Explores one of the most fascinating stories in Australian history – a story that stretches from WW2 to modern-day Australia. From the capitals of Europe to the vast flatness of the Hay Plains.
Over 6,000 German, Italian and Japanese civilian Internees and Prisoners of War (POW) were kept in three Prison Camps at Hay between 1940 and 1946. They were guarded by over 600 members of the 16th Australian Garrison Battalion.
The 'Dunera Boys', 1,984 German Jews and other refugees from Nazi-occupied Europe, were the first internees of British Government WWII policy and arrived in Hay on 7th September 1940.
The museum is a moving tribute to the power of the human spirit. Located at the Hay Railway.
Open 7 days per week from 10am - 4pm
Hay Water Tower Art
Cnr Pine and Brunker St Hay NSW 2711
The Hay Water Tower art was envisaged as a lasting tribute to the many servicemen and women that left their small Riverina town on Hay Plains when the call to arms was made in World War II and headed overseas combat to protect their loved ones and county.Five veterans were selected to represent a broad…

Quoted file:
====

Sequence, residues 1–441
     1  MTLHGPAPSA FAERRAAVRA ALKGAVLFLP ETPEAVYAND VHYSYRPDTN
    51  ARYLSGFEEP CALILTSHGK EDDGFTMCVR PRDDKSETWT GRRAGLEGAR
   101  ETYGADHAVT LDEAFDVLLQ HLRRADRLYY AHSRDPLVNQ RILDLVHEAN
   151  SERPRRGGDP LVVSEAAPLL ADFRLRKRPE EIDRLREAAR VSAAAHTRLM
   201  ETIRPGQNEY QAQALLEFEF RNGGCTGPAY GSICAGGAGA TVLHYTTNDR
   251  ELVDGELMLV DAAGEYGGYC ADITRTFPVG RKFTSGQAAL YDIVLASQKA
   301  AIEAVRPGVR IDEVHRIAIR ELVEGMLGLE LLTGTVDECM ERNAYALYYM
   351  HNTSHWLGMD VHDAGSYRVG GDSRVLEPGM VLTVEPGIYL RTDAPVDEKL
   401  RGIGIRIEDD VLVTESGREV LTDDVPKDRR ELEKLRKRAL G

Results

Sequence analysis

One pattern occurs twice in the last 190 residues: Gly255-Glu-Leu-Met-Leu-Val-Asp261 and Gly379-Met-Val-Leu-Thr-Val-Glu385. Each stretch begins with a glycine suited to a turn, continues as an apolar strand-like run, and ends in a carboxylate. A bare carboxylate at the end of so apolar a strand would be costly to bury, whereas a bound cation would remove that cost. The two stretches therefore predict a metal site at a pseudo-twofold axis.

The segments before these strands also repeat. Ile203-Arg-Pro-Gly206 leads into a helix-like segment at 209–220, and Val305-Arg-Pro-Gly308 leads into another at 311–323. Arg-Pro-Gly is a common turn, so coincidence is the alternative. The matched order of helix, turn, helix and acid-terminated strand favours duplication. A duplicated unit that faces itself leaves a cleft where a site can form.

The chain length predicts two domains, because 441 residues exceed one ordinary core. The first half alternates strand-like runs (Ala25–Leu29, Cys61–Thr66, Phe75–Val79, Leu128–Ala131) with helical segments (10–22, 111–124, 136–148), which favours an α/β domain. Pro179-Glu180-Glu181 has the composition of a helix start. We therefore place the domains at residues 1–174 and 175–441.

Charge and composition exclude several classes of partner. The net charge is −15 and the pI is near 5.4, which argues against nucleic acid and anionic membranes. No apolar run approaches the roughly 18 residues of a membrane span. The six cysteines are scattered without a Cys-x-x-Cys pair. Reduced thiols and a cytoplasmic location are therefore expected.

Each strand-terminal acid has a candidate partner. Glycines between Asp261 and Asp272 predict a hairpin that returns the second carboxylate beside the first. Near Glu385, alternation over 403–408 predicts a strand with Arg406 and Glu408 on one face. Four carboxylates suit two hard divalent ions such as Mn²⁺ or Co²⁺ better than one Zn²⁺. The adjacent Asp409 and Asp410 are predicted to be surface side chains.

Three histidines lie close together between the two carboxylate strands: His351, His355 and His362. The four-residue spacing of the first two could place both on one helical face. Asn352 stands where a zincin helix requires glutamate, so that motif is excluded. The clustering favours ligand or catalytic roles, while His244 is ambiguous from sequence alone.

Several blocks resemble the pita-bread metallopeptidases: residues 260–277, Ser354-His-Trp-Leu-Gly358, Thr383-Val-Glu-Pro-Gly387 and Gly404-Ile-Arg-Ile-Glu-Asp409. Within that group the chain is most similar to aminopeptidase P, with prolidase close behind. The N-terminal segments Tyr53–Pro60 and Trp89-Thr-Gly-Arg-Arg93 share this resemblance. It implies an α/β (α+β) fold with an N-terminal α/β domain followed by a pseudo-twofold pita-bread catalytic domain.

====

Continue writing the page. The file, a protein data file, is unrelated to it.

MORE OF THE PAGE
Located between Hay and Booligal on Cobb Highway is the famous and historic One Tree Hotel. The hotel was built in 1862 by Alexander Finch. Originally known as Finch Inn, it was renamed the One Tree Hotel later when purchased by William Clark. It was named because of a lone large gum tree growing on…
Story telling is a way of life in the bush. We are closely connected to our history and proud of our past. From tales of the Shearing industry at the iconic Shear Outback – Australian Shearers Hall of Fame to the moving stories of Prisoners of War at Dunera Museum, our museums are a must-do…